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Twitter @KatieUtehs

Young A’s fan writes letter to team after fires take home, beloved memorabilia

Young Athletics fan Loren Jade Smith is among the thousands of people affected by the Northern California wildfires. Along with his family's home, the fire storm took his most valued possession -- his A's memorabilia collection. 

In his disappointment, Smith wrote a letter to the A's that has since gone viral. 

After the letter was shared throughout the Twitterverse, A's President Dave Kaval said the team would reach out to Jade and his family to replace his memorabilia. 

And since Kaval's announcement, the A's community of fans has responded with offers to send the young fan some memorabilia. The A's have even set up an address where fans can send Smith their gifts. 

Who can we blame for epidemic of teams losing three straight elimination games?

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AP

Who can we blame for epidemic of teams losing three straight elimination games?

Fox’ Matt Vasgersian, who does his job well,  declared the New York Yankees’ American League Division Series win over Cleveland to be amazing.

It is not. Not any more.

In fact, the Yankees winning three elimination games in succession is a feat that has happened seven times in the past three years. And we can only conclude from that that they’re not making teams that can avoid the bad beat the way they used to.

The 2017 Indians joined the 2016 Indians, Warriors and Thunder, the 2015 Clippers, Capitals and Texas Rangers, the 2014 Penguins and Sharks, the 2013 Red Wings, the 2012 Reds and Cardinals, the 2011 Penguins, the 2010 Bruins and Capitals as proud laryngectomy victims – teams that needed to win only one of three (or in the Sharks’ case, four) games to advance in the playoffs (or in the Warriors’ case, win).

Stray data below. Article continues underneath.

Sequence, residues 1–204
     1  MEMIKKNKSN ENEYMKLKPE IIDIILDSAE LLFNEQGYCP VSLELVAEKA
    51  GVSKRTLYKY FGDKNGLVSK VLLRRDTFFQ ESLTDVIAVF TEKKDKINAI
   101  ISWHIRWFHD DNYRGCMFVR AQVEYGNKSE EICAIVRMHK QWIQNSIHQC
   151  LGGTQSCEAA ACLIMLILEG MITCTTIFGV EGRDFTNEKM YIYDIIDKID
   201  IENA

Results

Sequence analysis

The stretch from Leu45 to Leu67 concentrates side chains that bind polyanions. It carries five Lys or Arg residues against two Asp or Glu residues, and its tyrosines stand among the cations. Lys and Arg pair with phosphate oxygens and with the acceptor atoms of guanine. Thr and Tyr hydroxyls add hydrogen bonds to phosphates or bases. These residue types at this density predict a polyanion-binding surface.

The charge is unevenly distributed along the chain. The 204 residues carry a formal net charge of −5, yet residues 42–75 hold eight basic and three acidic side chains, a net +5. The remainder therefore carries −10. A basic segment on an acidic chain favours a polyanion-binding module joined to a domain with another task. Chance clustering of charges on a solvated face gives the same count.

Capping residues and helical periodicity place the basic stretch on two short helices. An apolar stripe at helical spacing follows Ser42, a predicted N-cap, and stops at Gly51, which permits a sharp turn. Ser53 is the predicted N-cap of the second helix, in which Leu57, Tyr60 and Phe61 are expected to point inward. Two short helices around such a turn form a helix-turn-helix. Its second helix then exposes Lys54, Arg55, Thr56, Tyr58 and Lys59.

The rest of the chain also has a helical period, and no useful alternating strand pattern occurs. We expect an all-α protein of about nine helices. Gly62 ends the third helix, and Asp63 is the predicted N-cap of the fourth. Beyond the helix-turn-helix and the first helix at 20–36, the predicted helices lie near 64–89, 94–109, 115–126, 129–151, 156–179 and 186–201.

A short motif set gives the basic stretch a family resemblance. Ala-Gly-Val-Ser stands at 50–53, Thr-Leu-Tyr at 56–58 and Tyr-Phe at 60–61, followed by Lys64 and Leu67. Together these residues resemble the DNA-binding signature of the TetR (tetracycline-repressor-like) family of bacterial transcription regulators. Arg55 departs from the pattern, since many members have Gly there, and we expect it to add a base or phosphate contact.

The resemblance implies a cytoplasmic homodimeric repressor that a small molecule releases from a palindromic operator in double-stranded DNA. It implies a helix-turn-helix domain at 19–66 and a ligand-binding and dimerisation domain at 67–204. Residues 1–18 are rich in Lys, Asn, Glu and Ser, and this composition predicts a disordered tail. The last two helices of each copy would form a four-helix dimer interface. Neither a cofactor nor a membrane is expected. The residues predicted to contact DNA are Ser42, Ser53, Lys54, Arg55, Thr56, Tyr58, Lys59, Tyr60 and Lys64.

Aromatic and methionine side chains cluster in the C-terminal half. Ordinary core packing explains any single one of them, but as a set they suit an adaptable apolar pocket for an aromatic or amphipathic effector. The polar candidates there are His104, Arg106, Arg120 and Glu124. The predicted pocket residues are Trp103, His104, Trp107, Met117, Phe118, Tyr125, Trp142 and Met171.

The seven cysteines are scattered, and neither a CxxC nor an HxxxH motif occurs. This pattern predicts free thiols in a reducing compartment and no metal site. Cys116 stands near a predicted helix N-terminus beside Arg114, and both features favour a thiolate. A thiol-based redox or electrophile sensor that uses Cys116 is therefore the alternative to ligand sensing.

That’s 15 times this “amazing” thing has happened, which means that by any estimate, teams that needed to win three consecutive games to escape the icy hand of Uncle Death are now pretty much the norm in this decade.

And why, you ask? I blame Twitter. I blame global warming. I blame video games. I blame smartphones. I blame phones. I blame the new president. I blame the old president. I blame Satan. I blame participation trophies and orange slices and juice boxes. I blame the players and I blame the owners and I blame the fans and definitely those smarmy bastards in the media. They’re the worst.

I blame you. Hell, I think I blame Matt Vasgersian.

But whomever is at fault, we have here an epidemic of feet strangling their owners when everything seems their cheeriest. And unless we live in such misery-enriched times that good times are only precursors to far worse ones, there is no sensible explanation. Players’ windpipes are no smaller than they were a decade ago. The Internet is older than seven years. Close-out games are not materially more difficult than they were before 2010.

And yet winning that one extra game is suddenly like finding out your SAT test has been written totally in anagrams. In other words, when things look brightest, that’s when you know you’re totally screwed.

And if you don’t believe me, ask Terry Francona. In a few weeks maybe. Not right away. Not unless you’re keen to see how it feels to have your neck used as a bathmat.